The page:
EEOC Sues VT Nursing Home Over Racial Harassment Claims
The US Equal Employment Opportunity Commission (EEOC) filed a federal lawsuit this past week against Elderwood at Burlington, a long-term care facility in Burlington, Vermont for violating federal law. According to the lawsuit, “Black nurses and nurse assistants to be subjected to ongoing and egregious racial harassment.”
The EEOC lawsuit claims that Elderwood, one of the largest nursing homes in Vermont, is in violation of the Civil Rights Act of 1964. The Civil Rights Act of 1964 says that harassment is a form of employment discrimination. Race harassment falls under protection in the Act.
The lawsuit claims that, starting in 2020, specific white patients directed offensive racial slurs at Elderwood’s Black nurses and nurse assistants, including “n----r”, “coon”, “monkey” and “Black b-----s.” Furthermore, the lawsuit claims that “One patient repeatedly told Black employees to “go back to Africa”; followed Black employees throughout the facility so as to racially berate them; and physically assaulted Black employees because of their race.”
The EEOC press release states that “Federal law requires that an employer take prompt and effective remedial action to prevent race harassment of its employees in the workplace, including where the harassers are patients or customers,” said Jeffrey Burstein, regional attorney for the EEOC’s New York District Office. “Here, Black employees were subjected to ongoing racial abuse for months on end without any effective response by Elderwood. Such misconduct is clearly unlawful, and the EEOC is here to stop it.”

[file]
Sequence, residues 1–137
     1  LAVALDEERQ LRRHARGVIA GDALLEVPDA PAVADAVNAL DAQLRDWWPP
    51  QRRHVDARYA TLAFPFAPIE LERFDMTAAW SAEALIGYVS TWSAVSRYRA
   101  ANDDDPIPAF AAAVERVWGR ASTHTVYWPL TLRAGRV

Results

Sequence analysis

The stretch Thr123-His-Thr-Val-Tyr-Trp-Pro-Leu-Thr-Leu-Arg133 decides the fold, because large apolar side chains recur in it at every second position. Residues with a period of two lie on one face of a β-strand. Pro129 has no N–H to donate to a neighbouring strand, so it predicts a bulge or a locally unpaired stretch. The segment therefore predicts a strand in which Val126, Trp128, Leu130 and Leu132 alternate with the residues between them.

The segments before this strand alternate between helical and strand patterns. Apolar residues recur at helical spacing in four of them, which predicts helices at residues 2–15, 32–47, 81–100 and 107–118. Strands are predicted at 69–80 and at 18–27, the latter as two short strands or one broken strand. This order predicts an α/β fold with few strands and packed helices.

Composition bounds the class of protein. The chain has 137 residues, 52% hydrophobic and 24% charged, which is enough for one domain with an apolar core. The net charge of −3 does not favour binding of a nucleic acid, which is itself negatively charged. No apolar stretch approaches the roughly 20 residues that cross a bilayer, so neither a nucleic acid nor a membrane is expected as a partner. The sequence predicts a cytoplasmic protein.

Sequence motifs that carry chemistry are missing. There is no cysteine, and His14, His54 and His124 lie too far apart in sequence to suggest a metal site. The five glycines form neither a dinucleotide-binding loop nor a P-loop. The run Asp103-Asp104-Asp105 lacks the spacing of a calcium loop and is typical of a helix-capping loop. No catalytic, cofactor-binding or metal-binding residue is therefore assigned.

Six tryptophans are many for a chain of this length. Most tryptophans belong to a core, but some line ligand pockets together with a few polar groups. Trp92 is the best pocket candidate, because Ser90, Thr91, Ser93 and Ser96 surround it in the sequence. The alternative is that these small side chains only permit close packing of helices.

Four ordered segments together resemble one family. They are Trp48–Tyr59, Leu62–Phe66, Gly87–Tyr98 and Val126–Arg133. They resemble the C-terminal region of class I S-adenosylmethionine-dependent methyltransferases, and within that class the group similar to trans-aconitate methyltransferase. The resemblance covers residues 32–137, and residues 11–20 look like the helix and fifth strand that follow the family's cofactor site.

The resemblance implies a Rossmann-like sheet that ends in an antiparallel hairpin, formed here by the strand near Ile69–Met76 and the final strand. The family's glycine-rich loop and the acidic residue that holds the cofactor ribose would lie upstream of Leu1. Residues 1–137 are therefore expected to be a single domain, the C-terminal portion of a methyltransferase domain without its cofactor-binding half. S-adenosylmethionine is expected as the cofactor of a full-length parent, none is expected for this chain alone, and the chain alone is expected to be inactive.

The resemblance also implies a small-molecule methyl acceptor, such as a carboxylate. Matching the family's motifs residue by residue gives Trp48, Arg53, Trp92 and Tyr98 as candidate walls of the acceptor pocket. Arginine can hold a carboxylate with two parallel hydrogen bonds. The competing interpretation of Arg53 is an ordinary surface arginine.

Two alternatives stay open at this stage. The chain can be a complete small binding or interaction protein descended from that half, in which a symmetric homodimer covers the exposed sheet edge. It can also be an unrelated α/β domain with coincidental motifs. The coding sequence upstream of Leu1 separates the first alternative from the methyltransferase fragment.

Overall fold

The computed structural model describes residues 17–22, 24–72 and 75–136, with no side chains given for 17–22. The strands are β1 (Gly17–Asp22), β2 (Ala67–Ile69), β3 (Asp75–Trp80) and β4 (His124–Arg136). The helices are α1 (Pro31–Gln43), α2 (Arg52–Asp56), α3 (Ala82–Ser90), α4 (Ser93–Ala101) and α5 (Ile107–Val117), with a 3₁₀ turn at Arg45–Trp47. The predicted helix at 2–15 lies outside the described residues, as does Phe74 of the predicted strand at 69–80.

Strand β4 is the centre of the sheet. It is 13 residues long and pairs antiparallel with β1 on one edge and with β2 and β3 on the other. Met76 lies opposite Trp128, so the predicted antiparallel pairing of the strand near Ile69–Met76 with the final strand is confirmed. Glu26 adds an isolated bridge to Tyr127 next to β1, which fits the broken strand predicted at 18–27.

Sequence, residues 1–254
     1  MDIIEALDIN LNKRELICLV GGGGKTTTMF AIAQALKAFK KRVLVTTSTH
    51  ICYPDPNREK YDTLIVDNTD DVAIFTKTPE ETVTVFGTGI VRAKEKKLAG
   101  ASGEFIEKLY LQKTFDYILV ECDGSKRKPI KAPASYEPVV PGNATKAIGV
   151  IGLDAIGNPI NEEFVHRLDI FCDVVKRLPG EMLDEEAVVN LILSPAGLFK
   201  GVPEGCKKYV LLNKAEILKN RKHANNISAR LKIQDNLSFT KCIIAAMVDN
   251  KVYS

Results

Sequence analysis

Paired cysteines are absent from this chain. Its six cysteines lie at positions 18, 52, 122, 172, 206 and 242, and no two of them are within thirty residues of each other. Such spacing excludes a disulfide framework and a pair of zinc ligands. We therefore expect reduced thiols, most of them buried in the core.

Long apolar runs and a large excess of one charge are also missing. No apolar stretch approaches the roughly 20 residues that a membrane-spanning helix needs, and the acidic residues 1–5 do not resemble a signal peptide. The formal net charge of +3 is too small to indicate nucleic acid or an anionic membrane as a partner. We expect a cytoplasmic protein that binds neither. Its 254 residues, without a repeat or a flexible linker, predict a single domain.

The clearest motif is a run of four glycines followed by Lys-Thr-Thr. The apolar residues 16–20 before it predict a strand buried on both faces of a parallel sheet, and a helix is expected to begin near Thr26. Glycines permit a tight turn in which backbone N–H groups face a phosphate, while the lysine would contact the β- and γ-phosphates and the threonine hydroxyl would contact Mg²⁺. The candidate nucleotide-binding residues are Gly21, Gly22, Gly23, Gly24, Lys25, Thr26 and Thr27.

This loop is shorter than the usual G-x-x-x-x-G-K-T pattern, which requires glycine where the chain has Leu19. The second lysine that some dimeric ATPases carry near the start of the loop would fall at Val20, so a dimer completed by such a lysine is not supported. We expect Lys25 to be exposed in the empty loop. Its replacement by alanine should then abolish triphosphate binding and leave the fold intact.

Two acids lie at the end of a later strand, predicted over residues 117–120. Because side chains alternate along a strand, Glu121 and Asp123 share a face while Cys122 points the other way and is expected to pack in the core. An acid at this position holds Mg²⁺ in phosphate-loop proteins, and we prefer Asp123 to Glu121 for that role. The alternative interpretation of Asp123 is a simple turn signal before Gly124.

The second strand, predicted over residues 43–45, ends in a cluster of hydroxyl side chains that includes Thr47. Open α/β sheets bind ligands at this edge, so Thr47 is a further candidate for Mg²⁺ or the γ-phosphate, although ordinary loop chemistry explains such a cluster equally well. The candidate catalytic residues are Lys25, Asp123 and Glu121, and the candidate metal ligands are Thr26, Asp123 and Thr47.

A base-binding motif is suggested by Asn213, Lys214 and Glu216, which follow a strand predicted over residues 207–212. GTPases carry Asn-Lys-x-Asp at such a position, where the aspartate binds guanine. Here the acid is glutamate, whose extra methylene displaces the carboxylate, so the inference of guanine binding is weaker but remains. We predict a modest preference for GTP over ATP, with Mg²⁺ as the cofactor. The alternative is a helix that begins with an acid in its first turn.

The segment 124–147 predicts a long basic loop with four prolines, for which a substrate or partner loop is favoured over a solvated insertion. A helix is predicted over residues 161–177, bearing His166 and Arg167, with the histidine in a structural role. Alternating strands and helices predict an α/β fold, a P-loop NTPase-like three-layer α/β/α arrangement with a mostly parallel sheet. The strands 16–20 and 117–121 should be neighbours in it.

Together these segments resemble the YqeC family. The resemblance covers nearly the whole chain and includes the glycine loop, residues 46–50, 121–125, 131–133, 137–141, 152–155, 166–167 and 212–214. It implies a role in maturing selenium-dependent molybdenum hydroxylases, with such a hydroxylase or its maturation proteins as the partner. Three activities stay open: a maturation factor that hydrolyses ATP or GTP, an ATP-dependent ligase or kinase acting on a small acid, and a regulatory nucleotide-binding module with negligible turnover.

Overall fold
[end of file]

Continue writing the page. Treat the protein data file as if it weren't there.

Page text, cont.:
The lawsuit is seeking compensatory damages and punitive damages for the named employees as well as preventing future racial harassment.
Timothy Riera, acting director of the New York District Office, added, “Racial harassment in the workplace is never acceptable, no matter who engages in the harassment. This harassment was especially grotesque, and should have been addressed quickly but was allowed to continue. An employer cannot ignore egregious racial harassment simply because the harassers are long-term care facility residents.”
A spokesman for the care home, Charles Hayes, said in a statement that the facility is aware of the EEOC lawsuit and is unable to comment on the ongoing litigation. Hayes added, “We will vigorously defend our efforts to protect our staff from racial harassment.”
According to the website, Elderwood is a 150-bed nursing home that offers skilled nursing, long-term care, and subacute rehab services. They provide orthopedic, cardiac, and post-surgical rehab programs including PT, OT, and speech therapy.
Nurse.org has reached out to Elderwood via email and has not received a reply at time of publication.
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